More than 10,000 people joined protests in Khabarovsk city in Russia’s far east on Saturday demanding the release of popular regional governor Sergei I. Furgal who was arrested on July 9 on suspicion of multiple murders that happened between 2004-2005. According to reports from the Russian media, somewhere between 15,000-50,000 people took part in Saturday’s mass rally in a rare and one of the largest shows of discontent in recent times.
According to the Russian news website Graniru, demonstrators carried banners with slogans such as “Freedom to Furgal”, “Honest Court” and “United Russia” among others.
In a statement released Saturday, the Khabarovsk government said that in an “unauthorised rally”, over 10,000 took part, “30 percent less than last weekend”. “The protesters again walked along the central streets of the city, shouting slogans in support of the arrested governor of the Khabarovsk Territory Sergei Furgal,” the statement said.
So who is Sergei Furgal?
Saturday marked the seventh day of protests in Russia’s far east, wherein demonstrators are demanding Furgal’s release. Sergie is the governor of Khabarovsk region and earlier in July was held in pre-trial detention on the charges of organising the murder of several businessmen 15 years ago. If found guilty Furgal could be sentenced to life in prison.
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Furgal, a member of the far-right Liberal Democratic Party of Russia took office in September 2018, after receiving over 70 percent of the votes in the elections. He defeated longtime incumbent Vyacheslav Shport, a member of the United Russia Party that backs Russian President Vladimir Putin. Frugal’s victory was seen as a sign of rising anti-establishment sentiment in the region.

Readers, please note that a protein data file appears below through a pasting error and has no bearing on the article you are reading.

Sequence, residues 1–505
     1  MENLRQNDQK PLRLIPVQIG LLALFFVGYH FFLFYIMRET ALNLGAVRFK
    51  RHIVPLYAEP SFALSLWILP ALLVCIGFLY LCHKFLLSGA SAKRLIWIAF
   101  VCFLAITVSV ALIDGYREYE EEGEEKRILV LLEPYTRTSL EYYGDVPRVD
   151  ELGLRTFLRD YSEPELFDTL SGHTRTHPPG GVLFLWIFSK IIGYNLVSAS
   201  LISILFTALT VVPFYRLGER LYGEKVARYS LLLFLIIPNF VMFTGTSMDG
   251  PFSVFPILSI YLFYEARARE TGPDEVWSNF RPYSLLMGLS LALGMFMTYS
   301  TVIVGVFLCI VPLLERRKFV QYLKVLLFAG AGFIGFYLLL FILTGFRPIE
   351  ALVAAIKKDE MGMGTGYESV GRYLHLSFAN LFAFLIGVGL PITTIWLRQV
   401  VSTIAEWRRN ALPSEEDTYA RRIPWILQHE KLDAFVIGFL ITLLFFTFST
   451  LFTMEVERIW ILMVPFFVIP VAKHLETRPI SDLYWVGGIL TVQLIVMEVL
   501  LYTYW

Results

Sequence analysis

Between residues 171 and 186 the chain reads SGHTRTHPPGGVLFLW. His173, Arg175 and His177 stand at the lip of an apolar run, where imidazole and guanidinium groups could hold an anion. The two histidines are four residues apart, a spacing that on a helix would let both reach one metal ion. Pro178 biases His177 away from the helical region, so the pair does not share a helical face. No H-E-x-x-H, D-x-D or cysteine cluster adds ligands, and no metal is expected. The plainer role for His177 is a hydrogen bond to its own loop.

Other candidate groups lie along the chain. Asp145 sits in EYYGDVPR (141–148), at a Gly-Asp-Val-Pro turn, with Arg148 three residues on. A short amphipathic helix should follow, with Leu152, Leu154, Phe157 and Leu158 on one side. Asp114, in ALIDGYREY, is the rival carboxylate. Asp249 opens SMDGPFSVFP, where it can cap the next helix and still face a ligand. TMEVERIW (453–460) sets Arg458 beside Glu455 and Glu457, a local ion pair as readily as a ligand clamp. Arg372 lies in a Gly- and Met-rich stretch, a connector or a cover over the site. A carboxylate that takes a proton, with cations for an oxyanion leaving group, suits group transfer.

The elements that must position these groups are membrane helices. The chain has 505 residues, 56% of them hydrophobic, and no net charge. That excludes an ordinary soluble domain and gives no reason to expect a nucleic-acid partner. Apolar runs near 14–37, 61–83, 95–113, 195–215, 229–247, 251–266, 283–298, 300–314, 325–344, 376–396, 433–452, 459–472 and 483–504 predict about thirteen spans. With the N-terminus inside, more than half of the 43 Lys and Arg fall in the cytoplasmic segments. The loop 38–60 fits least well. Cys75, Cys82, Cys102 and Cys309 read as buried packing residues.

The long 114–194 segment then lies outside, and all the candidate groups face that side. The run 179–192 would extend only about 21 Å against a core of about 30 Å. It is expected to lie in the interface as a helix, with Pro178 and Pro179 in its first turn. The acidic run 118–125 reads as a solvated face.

Furgal has denied the allegations against himself and is currently in a prison in Moscow.
What are the protestors demanding?
As per a report in the BBC, the arrest of the governor has sparked resentment against the capital Moscow among people of the region as they see it as a “world away from here (Khabarovsk)”. Therefore, protestors are demanding that Furgal be given a fair trial at his home soil in Khabarovsk.
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Significantly, the protests and Furgal’s arrest have come after nearly 78 percent of Russians backed the constitutional reforms that could keep Putin in power until 2036. According to a Reuters report, the governor’s arrest has fueled a wave of repression following the vote.
Some members of the opposition have denounced the vote and saw it as Putin’s attempt to stay in power for life. Golos, a Russian association that carries out independent election observation called the vote a “PR campaign”, “the purpose of which was not to reveal the free will of citizens, but to form the necessary perception of this will by the authorities.”
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